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Are you doing these four things to recruit tech talent?

Are you doing these four things to recruit tech talent?

Despite market fluctuations, demand for skilled and experienced tech professionals is still high. Subsequently, organisations are struggling to find the right talent to meet product demands and drive growth, and are often in fierce competition with other companies for those same skills.

At the same time, news of tech layoffs is spreading globally, making candidates feel uneasy about switching positions. In worse cases, candidates commit to an application, but when it comes to signing the offer, they pull out. 

This leaves tech recruiters in a difficult position. On the one hand, they need to fill positions, but on the other, candidates are behind the steering wheel, and are increasingly selective about what kind of company they want to work for. 

With roughly 77% of the tech workforce constituting as passive, how can recruiters convince candidates to jump ship?

This guide, featuring insights from Ants Recruiters’ Talent Acquisition Manager, Elisabeth Wehlin, provides practical tips for hiring teams to excel at tech recruitment and close candidates. 

Know what you’re talking about as a tech recruiter

You don’t need to code or be an engineer yourself to do tech recruitment. But you do need to talk tech. That starts with brushing up on the language your candidates use. Things like knowing the difference between frontend and backend, java and javascript will save you time when screening talent—and cast you in a favourable light in the candidate’s eyes.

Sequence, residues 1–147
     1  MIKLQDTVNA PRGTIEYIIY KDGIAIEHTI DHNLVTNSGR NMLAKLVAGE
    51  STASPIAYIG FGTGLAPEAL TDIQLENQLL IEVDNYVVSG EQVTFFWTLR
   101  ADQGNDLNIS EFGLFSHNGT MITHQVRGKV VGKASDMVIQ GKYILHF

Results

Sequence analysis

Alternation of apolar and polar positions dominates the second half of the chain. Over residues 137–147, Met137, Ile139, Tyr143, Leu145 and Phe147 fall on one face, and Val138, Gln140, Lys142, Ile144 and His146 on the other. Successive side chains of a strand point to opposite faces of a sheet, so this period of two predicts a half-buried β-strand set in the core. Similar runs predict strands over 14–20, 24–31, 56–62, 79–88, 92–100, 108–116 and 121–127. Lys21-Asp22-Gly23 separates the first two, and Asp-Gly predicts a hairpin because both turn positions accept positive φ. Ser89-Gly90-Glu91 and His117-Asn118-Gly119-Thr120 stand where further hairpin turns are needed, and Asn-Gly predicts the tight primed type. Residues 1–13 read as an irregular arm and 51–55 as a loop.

Tip: Technology moves at a fast pace, and so do tech skills. A good way to stay current with the latest technological developments is to read up on the tech world! 

Alternatively, HR teams are increasingly using Chat GPT to ask questions. For example, if you’re unsure about what a software engineer spends their time on, ask ChatGPT.

Be creative about how you source tech talent

Here’s the hard truth. Candidates rarely go through ads. LinkedIn is also becoming a crowded marketplace, with sought-after candidates getting bombarded with dozens of opportunities simultaneously. 

How can tech recruiters stand out from the crowd? Start by thinking outside the box. 

Tip 1: Experiment with job ads

Imagine you have a passive candidate that is thinking about changing jobs. They’re commuting on the train and scrolling through social media when they stumble on your job ad. 

Which type of ad will elicit a favourable response? 

  1. A long and cluttered ad, with huge must-have requirements listed in the ad and little to no information about your company and mission.
  2. A short and snappy ad with a storytelling hook and no cv-requirement to make it easy for candidates to apply on the go.

You guessed it; the candidate would most likely go for the second ad type. Being unafraid to experiment and test different ad formats and messaging will get you results. Remember, your job ad is your company’s selling point. You only have seconds to grab the candidate’s attention; make it count!

Tip 2: Post your ads on multiple forums

If you're posting your job ad on LinkedIn, one of the best ways to beat the algorithm is to ignore the candidates who crop up at the top of the pile. While they might be quality material, they've probably been contacted by hundreds of recruiters already.

Instead, post your ad on Github, community forums, online developer groups, coding boot camps, etc. Also, open your search worldwide if you're open to remote talent. The world is your oyster here in terms of finding talent!